Learn more about the psychology of negotiation in Bargaining for Advantage. It combines the negotiation principles of Getting to Yes with the psychological principles of Influence. Chapter 6 of Bargaining for Advantage, “Leverage”, is free money.

Creating a market is (relatively) quick.

Focusing your fund raising on a short period of time (about 4-8 weeks) means you will raise money quickly. Or you will fail quickly and start working on getting past no. Either way, you’re no longer raising money, you’re back to building your company and serving your customers.

Related: You can’t clear the market in series.

Image Credit: Noah Angeja

Topics Auctions · Psychology

10 comments · Show

  • Anon

    Great post. It’s beneficial to create as efficient a market as possible for your shares. Having multiple alternatives sure beats trying to justify higher valuations through abstract debates about the market or likely outcomes. It also gets investors to move their asses and all of the other good things mentioned here.

    Some gotchas I’ve encountered:

    1. All money is not created equal: Really good investors add a lot of value. The downside is they pay less than everybody else. So don’t expect Sequoia to move too much on price just because some hooligan is offering some ridiculous deal. And be prepared (i.e. have a BATNA that’s actually good) in case your favorite investor simply says no.

    2. Collusion: Investors have deep networks, and long-term relationships. As much as it would be nice if the market were efficient, the bidding for startups isn’t like random people duking it out for a beanie baby on eBay: investors tend not to overtly screw each other/steal deals. Especially when, gosh, they could work together to drive the price down. It helps to have degrees of separation between your investors or angels in different syndicates.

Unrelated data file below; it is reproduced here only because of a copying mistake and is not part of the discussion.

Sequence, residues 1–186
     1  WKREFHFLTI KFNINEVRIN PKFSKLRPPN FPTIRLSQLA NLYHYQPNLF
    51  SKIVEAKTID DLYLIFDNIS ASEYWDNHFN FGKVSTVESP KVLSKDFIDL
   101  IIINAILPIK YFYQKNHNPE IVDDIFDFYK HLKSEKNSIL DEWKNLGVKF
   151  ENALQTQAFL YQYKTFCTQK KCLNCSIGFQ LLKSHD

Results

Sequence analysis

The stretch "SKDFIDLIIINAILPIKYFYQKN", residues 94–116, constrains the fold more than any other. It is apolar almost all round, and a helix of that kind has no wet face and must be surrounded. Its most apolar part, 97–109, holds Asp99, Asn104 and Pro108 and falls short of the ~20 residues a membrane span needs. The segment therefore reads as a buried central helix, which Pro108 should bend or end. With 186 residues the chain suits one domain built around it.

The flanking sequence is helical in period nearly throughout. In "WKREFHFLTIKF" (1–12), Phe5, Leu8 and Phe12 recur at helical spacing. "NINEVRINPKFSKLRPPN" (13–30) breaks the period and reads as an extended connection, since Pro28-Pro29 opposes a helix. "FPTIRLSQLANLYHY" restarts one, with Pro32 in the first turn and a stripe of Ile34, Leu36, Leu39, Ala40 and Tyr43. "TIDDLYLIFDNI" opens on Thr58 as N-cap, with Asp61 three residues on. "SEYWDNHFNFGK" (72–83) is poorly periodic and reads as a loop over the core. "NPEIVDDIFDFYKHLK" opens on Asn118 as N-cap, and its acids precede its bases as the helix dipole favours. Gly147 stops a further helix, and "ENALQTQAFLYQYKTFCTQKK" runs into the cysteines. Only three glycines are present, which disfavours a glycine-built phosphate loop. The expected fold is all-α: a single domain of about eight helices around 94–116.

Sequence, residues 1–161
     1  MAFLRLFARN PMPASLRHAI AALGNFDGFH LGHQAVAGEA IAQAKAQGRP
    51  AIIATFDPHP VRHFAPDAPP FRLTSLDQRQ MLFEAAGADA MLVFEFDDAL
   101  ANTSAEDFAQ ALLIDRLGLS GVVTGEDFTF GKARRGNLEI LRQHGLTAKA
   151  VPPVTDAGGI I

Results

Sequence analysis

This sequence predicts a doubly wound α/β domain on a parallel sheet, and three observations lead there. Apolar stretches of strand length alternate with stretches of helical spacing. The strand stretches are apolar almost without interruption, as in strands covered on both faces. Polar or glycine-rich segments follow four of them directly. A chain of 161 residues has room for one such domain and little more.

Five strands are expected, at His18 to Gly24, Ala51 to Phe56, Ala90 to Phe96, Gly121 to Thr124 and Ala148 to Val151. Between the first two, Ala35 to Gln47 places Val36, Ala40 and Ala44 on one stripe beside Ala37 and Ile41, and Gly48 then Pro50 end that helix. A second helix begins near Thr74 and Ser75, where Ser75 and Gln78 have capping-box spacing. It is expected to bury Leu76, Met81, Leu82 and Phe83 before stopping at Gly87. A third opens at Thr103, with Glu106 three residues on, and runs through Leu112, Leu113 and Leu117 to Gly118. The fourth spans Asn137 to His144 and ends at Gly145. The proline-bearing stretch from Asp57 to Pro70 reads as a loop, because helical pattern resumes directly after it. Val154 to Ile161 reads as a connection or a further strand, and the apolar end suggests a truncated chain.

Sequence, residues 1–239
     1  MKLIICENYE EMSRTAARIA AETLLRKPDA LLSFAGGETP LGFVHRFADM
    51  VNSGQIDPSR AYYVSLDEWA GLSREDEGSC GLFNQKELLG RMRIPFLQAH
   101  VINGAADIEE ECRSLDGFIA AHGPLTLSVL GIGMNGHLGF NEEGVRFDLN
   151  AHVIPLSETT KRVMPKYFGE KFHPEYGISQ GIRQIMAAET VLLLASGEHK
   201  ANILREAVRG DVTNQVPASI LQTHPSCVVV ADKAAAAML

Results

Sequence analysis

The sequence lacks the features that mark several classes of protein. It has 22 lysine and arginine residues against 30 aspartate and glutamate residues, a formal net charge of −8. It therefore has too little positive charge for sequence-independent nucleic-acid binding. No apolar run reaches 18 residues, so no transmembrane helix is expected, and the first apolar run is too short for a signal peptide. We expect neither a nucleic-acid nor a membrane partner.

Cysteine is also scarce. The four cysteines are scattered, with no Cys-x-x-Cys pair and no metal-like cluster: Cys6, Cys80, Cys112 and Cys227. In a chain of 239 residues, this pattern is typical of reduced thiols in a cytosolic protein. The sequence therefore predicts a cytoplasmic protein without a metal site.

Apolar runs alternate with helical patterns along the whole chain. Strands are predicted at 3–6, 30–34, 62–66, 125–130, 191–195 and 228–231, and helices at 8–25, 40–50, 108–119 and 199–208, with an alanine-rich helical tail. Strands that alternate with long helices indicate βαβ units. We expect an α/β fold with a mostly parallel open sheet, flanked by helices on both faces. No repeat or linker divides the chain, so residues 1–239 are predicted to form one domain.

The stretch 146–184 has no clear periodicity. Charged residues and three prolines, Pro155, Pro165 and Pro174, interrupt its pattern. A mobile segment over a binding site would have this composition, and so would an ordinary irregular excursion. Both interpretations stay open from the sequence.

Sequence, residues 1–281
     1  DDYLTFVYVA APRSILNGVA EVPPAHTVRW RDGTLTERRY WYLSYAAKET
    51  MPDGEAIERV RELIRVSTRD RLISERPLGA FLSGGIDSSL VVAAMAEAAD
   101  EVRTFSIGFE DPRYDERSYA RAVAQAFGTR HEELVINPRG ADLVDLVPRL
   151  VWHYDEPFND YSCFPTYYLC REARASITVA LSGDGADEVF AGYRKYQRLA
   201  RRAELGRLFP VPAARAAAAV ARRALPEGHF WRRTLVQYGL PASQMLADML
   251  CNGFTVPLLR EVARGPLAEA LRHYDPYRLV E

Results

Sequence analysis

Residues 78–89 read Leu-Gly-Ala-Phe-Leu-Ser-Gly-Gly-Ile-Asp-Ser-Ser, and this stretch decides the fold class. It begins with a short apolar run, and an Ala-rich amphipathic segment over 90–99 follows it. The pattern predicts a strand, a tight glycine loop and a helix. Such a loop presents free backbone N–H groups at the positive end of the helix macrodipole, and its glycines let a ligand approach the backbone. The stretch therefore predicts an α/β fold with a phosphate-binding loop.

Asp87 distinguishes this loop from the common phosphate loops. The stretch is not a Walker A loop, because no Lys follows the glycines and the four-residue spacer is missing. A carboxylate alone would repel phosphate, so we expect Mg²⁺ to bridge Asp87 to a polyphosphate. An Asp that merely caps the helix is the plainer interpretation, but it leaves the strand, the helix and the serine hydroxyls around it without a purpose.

• Nivi

      Great points. Re collusion: don’t tell your prospective investors whom else you are talking to.

      • Anonymous


        I was under the impression telling them about other investors eying your startup provokes them to move faster in closing deals.

        Question is what can they really do if you reveal the name of another firm looking to finance your startup? Tell them “hey other firm, we want the spoils all to ourselves so back off”?

        • Nivi

          You don’t need to say an investor’s name to say that you have an offer from another top-tier firm. They will also see it through your confidence and leverage.

          Giving them the name of other prospective investors is an invitation to collude. But I’m not saying you should never do it, especially when you’re expecting a term sheet from a top-tier investor that can steer the herd.

  • arim


    I had a question and thought i should ask here.

    I am a founder of a startup and have shares that are both preferential and common (was also an investor in the company). Now the board wants to bring a new ceo and I intend to leave the company. Nn such cases if I wanted to get some liquidity and want to sell some shares are there firms that buy founders stock to give liquidity (if there is none I think it is a good idea to start one!). The company is going through a financing but might not give me liquidity.

    Can any one suggest what are the best ways to get liquidity? Please help me here.

  • Brandon

    Nivi –

    Leveraging an investment firm against another is a great strategy if you are looking to raise the entire funding from one firm. What about the scenario where you may need to raise funding from three or four various firms/funds in order to complete the round (e.g. – Angel round)?

    How successfully can one negotiate and leverage when multiple investors will make up the same round?